Spray application is one of the most important activities regularly done in any crop operation. It can also be one of the most expensive and time-consuming. Integrated Pest Management (IPM) is a multi-step process that helps sprayer operators make informed choices about when and what to spray. But, the decision to spray is not the end of the process.
The sprayer operator now faces a lot of decisions about sprayer set-up and application method. These decisions determine if the application will be effective, and they also determine if it will be efficient. Efficient spraying saves money and reduces environmental impact. The goal is to be both effective and efficient.
So what should the operator be aware of?
A quick Google search reveals a seemingly endless number of sprayer articles by government, industry and academia (and many on this website!). There are differences in definitions, opinions on priorities vary, and classic sprayer wisdom is sometimes supported and sometimes debunked by current research. But, if you read enough of them you will find more similarities than differences, and common themes will emerge.
Most agree that the objective of spraying is the safe and timely delivery of an effective, uniform dose of product to a target area. Any product not deposited on the target (e.g. spray drift, sprayer leaks, run-off, etc.) reduces efficiency and is called wastage. The literature points to six broad elements that affect spray efficiency and effectiveness. Sprayer operators should actively consider all six elements before, and during, each spray application.
The six elements in the illustration overlap because changing one of the elements often means reconsidering others. For example, increasing droplet size to reduce drift potential also reduces the number of droplets sprayed. This may warrant higher spray volumes, which means you might require a more dilute tank-mix to maintain the rate-per-area. Only the sprayer operator’s decisions affect all the elements, which is why it’s pictured in the centre. Technology or technique can not compensate for an inattentive operator; an operator’s skill and willingness to do a good job impacts the overall efficiency and effectiveness of every spray application. Understanding how droplets behave (or misbehave) is essential.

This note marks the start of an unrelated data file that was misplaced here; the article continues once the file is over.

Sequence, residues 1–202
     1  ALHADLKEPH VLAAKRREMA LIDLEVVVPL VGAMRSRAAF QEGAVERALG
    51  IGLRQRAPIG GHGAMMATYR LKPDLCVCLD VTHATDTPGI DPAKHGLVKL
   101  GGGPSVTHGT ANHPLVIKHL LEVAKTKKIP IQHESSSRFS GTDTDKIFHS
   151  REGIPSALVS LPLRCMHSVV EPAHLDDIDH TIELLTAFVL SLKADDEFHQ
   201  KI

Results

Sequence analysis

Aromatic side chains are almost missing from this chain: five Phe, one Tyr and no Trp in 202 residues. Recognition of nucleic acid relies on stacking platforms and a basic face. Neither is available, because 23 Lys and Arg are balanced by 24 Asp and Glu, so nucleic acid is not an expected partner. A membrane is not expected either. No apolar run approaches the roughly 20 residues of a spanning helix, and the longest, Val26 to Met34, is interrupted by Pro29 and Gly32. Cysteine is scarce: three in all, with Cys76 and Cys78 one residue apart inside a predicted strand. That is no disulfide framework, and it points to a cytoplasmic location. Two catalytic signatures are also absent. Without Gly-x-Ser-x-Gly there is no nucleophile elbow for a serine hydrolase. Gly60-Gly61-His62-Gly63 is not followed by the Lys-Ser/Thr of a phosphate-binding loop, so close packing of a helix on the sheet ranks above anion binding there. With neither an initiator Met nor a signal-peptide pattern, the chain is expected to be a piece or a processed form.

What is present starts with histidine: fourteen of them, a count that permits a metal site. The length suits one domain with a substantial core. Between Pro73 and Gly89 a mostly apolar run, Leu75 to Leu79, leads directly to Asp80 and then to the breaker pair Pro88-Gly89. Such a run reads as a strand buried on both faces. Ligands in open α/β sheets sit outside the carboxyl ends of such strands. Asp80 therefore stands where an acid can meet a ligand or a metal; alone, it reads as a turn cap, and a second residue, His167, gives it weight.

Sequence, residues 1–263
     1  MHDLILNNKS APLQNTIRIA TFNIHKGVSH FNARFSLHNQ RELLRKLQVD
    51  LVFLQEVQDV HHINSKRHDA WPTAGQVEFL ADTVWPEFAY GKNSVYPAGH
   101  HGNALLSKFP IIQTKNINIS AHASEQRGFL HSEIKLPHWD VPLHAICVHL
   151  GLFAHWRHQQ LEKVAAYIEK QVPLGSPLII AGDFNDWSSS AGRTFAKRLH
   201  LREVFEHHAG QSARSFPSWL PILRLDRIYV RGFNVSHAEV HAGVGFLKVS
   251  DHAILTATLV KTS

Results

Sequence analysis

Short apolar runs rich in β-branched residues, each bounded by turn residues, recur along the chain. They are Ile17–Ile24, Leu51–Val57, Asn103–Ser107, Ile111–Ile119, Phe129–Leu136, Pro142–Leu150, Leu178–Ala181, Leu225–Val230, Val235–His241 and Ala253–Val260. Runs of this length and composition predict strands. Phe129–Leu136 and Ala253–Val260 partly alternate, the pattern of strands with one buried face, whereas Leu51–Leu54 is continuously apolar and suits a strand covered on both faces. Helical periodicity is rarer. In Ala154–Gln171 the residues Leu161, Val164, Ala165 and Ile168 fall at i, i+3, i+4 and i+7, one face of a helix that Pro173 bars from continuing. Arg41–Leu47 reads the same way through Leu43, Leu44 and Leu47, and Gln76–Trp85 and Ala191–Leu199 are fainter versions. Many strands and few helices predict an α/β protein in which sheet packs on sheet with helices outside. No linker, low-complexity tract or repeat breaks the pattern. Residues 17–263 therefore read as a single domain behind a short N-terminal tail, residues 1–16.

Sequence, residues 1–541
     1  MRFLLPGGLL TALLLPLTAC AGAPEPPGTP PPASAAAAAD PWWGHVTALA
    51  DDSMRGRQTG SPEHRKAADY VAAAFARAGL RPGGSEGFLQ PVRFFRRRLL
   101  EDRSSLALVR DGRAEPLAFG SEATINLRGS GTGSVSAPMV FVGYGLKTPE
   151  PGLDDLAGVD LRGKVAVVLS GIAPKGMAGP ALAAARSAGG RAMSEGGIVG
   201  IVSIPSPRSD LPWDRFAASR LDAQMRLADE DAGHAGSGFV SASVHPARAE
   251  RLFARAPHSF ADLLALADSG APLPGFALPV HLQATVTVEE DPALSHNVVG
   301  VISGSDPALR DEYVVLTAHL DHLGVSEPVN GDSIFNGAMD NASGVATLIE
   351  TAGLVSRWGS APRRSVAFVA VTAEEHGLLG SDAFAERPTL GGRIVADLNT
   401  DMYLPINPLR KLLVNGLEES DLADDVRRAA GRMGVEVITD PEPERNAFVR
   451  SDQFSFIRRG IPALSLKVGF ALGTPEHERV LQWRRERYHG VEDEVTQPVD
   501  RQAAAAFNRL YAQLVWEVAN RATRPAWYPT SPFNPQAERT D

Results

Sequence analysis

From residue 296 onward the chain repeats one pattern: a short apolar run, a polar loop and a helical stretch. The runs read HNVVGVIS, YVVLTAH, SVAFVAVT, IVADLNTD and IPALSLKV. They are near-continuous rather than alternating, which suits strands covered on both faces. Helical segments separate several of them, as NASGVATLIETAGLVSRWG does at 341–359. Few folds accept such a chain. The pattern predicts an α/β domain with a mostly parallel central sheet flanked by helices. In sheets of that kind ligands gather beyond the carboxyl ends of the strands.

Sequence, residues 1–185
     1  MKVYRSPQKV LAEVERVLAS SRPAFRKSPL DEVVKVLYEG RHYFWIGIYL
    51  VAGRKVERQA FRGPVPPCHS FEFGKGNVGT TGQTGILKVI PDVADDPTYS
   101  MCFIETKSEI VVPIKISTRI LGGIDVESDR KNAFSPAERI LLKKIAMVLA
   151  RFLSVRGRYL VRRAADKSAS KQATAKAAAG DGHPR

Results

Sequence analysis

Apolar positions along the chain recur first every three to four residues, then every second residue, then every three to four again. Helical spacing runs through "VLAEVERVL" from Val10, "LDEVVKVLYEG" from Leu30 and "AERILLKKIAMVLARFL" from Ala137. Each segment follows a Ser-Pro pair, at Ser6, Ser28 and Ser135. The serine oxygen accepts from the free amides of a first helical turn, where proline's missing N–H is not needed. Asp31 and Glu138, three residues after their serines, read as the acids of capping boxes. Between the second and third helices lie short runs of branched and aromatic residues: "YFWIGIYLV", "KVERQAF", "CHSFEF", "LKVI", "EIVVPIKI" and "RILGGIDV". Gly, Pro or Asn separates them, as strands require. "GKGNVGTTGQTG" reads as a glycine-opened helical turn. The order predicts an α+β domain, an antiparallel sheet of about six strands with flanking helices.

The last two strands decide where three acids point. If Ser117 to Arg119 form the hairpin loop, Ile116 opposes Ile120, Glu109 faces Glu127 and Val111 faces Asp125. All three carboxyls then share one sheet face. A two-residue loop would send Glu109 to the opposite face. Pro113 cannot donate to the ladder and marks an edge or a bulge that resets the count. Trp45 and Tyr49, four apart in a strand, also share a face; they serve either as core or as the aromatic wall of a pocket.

Each element is comprised of many contributing factors. Some of these factors might fit under multiple elements and certainly we’ve reorganized this list many times over the years. No matter how they are presented, all of these factors (and more) contribute to the success of spray applications and they should figure into the operator’s considerations.
So, as sprayer operators, we should all be aware of how the factors that affect an application. Take an active role! Don’t be afraid to get out of the tractor and make changes to your pressure or your nozzle choice. Check your coverage as you spray, and make adjustments as the weather changes. Finally, recognize when it’s a waste of time and spray, and know when to pack it in. The days of “set it and forget it” are no more!